Dear Teachers.

Dear Teachers,

In the five years I spent at your school, I can honestly say that I am not entirely sure how I came out of it so sane. I was sent to you after my prodigal sister. I am aware (by my parents) that I did not do exceptionally well in my entrance test and certainly not as well as my sister, who came in on a scholarship. However, my grades (or lack of them) did not matter to you. I was my sister’s sister. I had to be good…………right?

But I wasn’t.

I was me. Not her. Yet that was never celebrated.

The first two years of high school, I slipped under the radar. I did okay, I went by unnoticed as did my grades. I excelled in the subjects I thought I would: Drama, Art, Music and English. The complete opposite to her. I was not an academic to you all. I was never part of any social dramas nor did I take any leadership roles, it was easy to forget about me.

I remember when you did notice.

When my grades slipped too far, I became your target. Suddenly, the girl you’d forgotten became the most memorable of all. Especially when you remember who my sister was – your star student. The morning you took me for a walk around the school and down to the hall where the plaques hung showing your most prized pupils of past. Where my sister’s name shone and burned into me. The place where you pointed out what I should be achieving and that I “had a lot to live up to”.

What you didn’t question was why.

Why was this sweet, lively girl’s grades dropping?

Perhaps it had something to do with the fact that my childhood was falling apart. That my home-life was like a war zone. The year was 1996, I was fourteen years old, my mother had just applied for divorce and you decided to put me on report.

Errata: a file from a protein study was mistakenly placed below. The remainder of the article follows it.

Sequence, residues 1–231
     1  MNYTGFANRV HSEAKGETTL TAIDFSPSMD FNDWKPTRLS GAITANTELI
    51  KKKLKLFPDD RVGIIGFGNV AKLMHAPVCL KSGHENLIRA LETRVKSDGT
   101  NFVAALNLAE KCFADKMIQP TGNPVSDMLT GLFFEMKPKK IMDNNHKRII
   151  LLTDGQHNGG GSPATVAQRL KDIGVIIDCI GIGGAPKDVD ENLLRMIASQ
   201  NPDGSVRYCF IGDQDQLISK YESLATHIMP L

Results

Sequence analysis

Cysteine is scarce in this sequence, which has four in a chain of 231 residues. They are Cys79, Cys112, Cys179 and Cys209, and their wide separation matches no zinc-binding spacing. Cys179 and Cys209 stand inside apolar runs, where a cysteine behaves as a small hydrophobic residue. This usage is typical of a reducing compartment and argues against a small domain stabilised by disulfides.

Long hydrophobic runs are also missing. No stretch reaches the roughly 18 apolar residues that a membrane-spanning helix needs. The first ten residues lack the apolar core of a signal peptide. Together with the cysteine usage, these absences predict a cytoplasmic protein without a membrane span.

You close-minded, arrogant idiots.

The reputation of your school and the notoriety of your name was much more important that a young girl struggling to make sense of her family disintegrating before her eyes. You humiliated me by dragging in my parents to discuss my “future”. Who were you to predict that? While my mother already held me in low regard, you only fuelled her perception of me. I had further disappointed her and as you placed my sister on that righteous pedestal, her place in my mother’s eyes grew stronger. You played a very clear part in the destruction of our relationship and for that I will never forgive you.

There were no positives made. No redeeming features. Humiliation and bullying was your forte. I was lost and no one was reaching out to guide me. No one.

Perhaps, if you had spent more time concerned about the welfare of your students and their emotional well being, I would have better memories of you all.

Sadly, I don’t.

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3 thoughts on “Dear Teachers.

  1. As a teacher, this post bothers me. Please know some are there simply for a paycheck and stability. Others make it a priority to spark, illicit, and encourage. I was the latter and miss being in a classroom everyday. No child should slip through the cracks, year after year.

    1. Sorry it bothers you but thank you for your comment. I too now work in a school and I could never imagine treating a pupil this way. Not only would it go against school policy but as we are so responsible for their well-being and safety, it would be wrong and inconceivable to deal with such a situation in the way I was dealt with. Not all my teachers were like this. I had a lovely time in Primary/Junior School. This was one particular environment with particularly bad teachers. Funnily, I do have good memories of my time there. My Art and Drama teachers were fantastic and supportive and I am thankful for that. My friends and class were great too yet they were unaware of the abuse at home at the time. This happened many, many years ago and teaching in the UK and London has certainly changed since then. I am proud of teachers through the country. Ros

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